WorldWide Drilling Resource®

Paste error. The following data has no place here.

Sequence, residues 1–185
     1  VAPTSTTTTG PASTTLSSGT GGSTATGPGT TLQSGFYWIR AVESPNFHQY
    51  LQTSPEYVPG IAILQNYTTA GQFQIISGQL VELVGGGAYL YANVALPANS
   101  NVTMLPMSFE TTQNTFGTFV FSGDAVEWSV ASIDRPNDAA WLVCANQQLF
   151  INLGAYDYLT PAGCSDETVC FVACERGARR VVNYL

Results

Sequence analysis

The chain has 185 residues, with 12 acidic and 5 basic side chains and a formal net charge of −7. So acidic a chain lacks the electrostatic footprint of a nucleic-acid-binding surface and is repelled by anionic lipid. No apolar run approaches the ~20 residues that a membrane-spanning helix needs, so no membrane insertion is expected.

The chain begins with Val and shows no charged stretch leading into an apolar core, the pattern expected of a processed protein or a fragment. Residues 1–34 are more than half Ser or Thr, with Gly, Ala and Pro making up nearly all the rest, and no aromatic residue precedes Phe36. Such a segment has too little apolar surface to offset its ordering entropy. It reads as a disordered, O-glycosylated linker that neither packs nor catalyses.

Are Apprenticeship Programs Better than College? Adapted from Information by the Illinois Economic Policy Institute A recent study conducted by the Illinois Economic Policy Institute (ILEPI) and the Project for Middle Class Renewal (PMCR) at the University of Illinois at Urbana-Champaign, indicates the state’s construction apprenticeship programs are doing a good job of preparing students for a career in the construction industry. In some ways, even better than the state’s colleges and universities. The study evaluated several areas, including the number of training hours, graduation rates, the diversity of those in the program, and the lifetime earnings of graduates. “Every year, thousands of Illinois residents enroll in apprenticeship programs as a tuition-free alternative to college,” said study coauthor and ILEPI Policy Director Frank Manzo IV. “Including up to six years of classroom instruction and on-the-job training, these programs play a vital role in producing workers with in-demand skills for today’s economy, and give participants the extraordinary opportunity to earn while they learn.” The programs are particularly important to the construction industry as more than 85% of apprenticeship program enroll- ments are geared toward the construction sector. Actually, the industry’s apprenticeship system is one of the state’s largest privately financed post-secondary institutions. Of those involved with construction-based apprenticeships, 97% are enrolled in programs administered by labor unions and their contractors (joint labor management programs), fully funded by privately negotiated contributions from employers. “Joint labor management apprenticeships are clearly the best-in-class model, and are far outperforming employer-only programs on every available measure,” said study coauthor and PMCR Director Dr. Robert Bruno. “In fact, the data shows that joint construction programs are delivering a more robust training regimen than other post-secondary institutions, and equal or greater lifetime earnings for their graduates.” The total number of active apprentices in the state has increased 34% since 2011. Apprenticeship programs like the ones in Illinois, are providing workers with good middle-class careers and should be encouraged as a viable alternative to college. Journeyworkers graduating from joint labor management construction-based apprenticeship programs earn about $40 per hour, resulting in lifetime incomes comparable to the average of those with bachelor’s degrees. The report also offered suggestions for improving the success of apprenticeship programs, including: k Offering pre-apprenticeship programs at public high schools and community colleges. k Improving the completion rate of apprentices by using registered programs and hiring more diverse instructors. k Expanding access to child care, a significant barrier for female par- ticipants. k Promoting the new apprentice- ship education expense tax credit. Getting rid of the stigma associat- ed with choosing a trade school over college will involve educating students, parents, teachers, and counselors. For many workers, vocational training may be a better path to a stable job than a college degree. Registered apprentice- ship programs are a proven way to lift blue-collar workers into the middle class, regardless of background. 39 WorldWide Drilling Resource ® AUGUST 2020 C&G